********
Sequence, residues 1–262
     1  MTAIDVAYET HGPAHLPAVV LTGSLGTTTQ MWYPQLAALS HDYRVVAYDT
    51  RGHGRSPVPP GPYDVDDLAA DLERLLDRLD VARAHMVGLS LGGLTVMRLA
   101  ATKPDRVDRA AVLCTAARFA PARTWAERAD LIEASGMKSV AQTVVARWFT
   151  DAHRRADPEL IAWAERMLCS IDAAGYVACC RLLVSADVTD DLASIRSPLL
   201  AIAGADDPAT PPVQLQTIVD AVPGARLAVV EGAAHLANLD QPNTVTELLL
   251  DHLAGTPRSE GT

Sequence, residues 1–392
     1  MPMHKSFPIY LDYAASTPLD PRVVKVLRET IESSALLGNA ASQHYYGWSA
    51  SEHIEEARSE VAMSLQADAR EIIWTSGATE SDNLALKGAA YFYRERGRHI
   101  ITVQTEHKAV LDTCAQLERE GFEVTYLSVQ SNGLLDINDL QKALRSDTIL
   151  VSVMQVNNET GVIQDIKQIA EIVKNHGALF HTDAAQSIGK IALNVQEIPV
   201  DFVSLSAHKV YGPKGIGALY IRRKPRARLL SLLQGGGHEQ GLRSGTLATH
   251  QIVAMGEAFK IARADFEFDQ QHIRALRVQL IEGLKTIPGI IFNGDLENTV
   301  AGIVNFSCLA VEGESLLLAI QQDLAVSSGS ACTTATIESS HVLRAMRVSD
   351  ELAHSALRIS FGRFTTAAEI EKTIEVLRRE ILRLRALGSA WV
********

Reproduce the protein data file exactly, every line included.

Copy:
Sequence, residues 1–262
     1  MTAIDVAYET HGPAHLPAVV LTGSLGTTTQ MWYPQLAALS HDYRVVAYDT
    51  RGHGRSPVPP GPYDVDDLAA DLERLLDRLD VARAHMVGLS LGGLTVMRLA
   101  ATKPDRVDRA AVLCTAARFA PARTWAERAD LIEASGMKSV AQTVVARWFT
   151  DAHRRADPEL IAWAERMLCS IDAAGYVACC RLLVSADVTD DLASIRSPLL
   201  AIAGADDPAT PPVQLQTIVD AVPGARLAVV EGAAHLANLD QPNTVTELLL
   251  DHLAGTPRSE GT

Sequence, residues 1–392
     1  MPMHKSFPIY LDYAASTPLD PRVVKVLRET IESSALLGNA ASQHYYGWSA
    51  SEHIEEARSE VAMSLQADAR EIIWTSGATE SDNLALKGAA YFYRERGRHI
   101  ITVQTEHKAV LDTCAQLERE GFEVTYLSVQ SNGLLDINDL QKALRSDTIL
   151  VSVMQVNNET GVIQDIKQIA EIVKNHGALF HTDAAQSIGK IALNVQEIPV
   201  DFVSLSAHKV YGPKGIGALY IRRKPRARLL SLLQGGGHEQ GLRSGTLATH
   251  QIVAMGEAFK IARADFEFDQ QHIRALRVQL IEGLKTIPGI IFNGDLENTV
   301  AGIVNFSCLA VEGESLLLAI QQDLAVSSGS ACTTATIESS HVLRAMRVSD
   351  ELAHSALRIS FGRFTTAAEI EKTIEVLRRE ILRLRALGSA WV